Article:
Factories, warehouses and railways replaced many houses in the centre of London, which meant that London’s overflowing population spread out into Walworth. As a result, Walworth changed from a small community into a highly populated area. In 1801 there were 14,800 people in Walworth. By 1901 the figure had risen to 122,200, much higher than it is now, which shows how cramped conditions must have been. It is no wonder that in the 1880’s and 90s poverty increased. For the poorest in Walworth this meant being admitted to the Newington Workhouse. In 1896 a seven year old Charlie Chaplin briefly became an inmate there, with his mother, Hannah and half-brother, Sydney.

In response to this legacy of poverty Walworth became the location for some pioneering social work and  services. It boasted the first family planning clinic in the country, while its celebrated health services department in Walworth Road brought all health facilities under one roof for the first time in London and preceded the NHS by ten years. The Clubland youth club, which started in rooms below the Walworth Methodist Church in 1922 provided life changing opportunities for thousands of teenagers in the area and improved public attitudes both to young people and to the less privileged in society.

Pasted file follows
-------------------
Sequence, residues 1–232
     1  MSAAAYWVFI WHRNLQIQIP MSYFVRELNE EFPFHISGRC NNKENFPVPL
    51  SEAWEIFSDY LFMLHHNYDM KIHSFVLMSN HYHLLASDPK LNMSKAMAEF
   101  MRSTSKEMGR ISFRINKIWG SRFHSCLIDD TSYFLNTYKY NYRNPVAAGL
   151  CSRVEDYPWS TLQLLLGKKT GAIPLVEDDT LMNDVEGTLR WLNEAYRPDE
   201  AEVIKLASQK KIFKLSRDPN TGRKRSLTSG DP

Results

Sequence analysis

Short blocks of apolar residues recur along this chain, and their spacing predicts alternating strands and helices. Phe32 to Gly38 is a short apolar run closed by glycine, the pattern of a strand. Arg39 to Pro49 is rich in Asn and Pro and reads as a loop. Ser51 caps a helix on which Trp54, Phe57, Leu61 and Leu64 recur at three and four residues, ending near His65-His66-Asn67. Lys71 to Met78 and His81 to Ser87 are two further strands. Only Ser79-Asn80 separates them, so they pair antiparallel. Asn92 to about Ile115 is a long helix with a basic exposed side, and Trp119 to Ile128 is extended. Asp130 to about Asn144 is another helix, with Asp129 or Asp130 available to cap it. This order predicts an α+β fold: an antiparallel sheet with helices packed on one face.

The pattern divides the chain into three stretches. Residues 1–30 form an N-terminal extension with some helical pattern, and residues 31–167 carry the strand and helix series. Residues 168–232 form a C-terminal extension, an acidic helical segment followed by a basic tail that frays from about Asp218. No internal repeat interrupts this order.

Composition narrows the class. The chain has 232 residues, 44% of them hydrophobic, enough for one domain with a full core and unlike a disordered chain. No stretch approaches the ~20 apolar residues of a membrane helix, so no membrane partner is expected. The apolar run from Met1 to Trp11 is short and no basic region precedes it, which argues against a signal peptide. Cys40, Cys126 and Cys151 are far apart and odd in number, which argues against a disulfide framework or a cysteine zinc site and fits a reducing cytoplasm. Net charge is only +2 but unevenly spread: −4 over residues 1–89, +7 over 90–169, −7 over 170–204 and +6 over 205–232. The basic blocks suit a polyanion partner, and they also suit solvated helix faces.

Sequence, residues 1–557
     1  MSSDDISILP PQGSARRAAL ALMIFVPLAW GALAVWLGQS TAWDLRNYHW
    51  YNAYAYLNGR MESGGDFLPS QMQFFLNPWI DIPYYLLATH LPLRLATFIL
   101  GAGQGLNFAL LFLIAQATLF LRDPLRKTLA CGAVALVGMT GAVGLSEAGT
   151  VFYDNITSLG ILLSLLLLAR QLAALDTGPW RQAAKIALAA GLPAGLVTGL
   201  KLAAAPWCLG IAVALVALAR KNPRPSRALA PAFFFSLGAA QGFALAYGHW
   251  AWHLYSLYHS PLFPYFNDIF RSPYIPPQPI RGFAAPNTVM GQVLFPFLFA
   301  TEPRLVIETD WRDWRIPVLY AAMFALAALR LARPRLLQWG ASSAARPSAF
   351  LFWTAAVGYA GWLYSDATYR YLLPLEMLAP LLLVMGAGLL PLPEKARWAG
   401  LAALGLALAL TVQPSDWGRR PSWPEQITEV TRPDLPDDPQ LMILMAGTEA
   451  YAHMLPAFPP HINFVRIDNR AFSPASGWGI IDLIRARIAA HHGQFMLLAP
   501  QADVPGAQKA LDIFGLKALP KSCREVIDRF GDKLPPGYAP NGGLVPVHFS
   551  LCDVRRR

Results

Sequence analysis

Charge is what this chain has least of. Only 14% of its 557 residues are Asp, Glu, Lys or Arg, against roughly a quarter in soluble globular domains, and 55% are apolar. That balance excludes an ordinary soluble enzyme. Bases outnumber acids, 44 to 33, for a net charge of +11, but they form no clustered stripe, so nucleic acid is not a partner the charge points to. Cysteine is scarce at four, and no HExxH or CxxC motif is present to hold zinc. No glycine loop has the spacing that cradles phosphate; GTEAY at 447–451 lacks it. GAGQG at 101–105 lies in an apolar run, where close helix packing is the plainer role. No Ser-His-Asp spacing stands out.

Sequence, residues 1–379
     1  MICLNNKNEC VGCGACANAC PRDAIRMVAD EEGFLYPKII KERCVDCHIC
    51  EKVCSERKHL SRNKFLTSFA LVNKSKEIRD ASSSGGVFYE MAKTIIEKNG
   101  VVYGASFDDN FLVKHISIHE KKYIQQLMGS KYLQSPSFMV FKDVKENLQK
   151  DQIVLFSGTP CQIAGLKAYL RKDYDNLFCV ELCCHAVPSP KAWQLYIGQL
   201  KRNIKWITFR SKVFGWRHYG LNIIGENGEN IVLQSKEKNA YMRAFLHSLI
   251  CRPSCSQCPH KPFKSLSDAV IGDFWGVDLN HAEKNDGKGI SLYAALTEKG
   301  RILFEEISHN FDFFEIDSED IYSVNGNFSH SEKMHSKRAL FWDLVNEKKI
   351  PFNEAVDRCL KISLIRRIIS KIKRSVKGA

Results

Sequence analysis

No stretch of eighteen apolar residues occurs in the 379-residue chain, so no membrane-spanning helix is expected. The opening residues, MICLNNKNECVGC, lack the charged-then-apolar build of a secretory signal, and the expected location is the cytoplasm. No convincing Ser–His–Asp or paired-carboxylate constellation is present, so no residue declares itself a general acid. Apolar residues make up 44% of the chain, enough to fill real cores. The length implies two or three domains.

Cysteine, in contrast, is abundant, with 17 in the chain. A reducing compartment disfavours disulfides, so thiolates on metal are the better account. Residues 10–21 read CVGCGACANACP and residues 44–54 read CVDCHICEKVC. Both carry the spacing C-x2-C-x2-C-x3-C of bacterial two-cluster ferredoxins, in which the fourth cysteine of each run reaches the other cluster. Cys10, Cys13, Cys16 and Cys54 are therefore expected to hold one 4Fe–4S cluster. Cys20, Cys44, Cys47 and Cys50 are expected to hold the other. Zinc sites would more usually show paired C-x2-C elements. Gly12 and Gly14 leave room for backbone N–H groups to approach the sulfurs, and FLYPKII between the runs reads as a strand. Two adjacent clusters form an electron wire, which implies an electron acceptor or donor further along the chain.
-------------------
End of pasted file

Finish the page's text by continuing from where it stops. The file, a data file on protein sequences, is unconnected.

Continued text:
The first and second World Wars saw Walworth take heavy casualties both civilian, during the London bombing, and in the field. The Elephant and Castle area was so ravaged by bombing that it had to be rebuilt practically from scratch, although the Metropolitan Tabernacle managed to survive the Blitz unharmed. Post-war planning by the London County Council resulted in The Elephant & Castle traffic scheme and the Elephant and Castle Shopping Centre, the first covered shopping mall in Europe. Today we are seeing more dramatic changes to the landscape. Whatever the outcome, Walworth will remain an important focal point for Southwark, attracting travellers from all over London and the world.

Elephant and Castle Redevelopment

The Elephant and Castle during redevelopment, 1963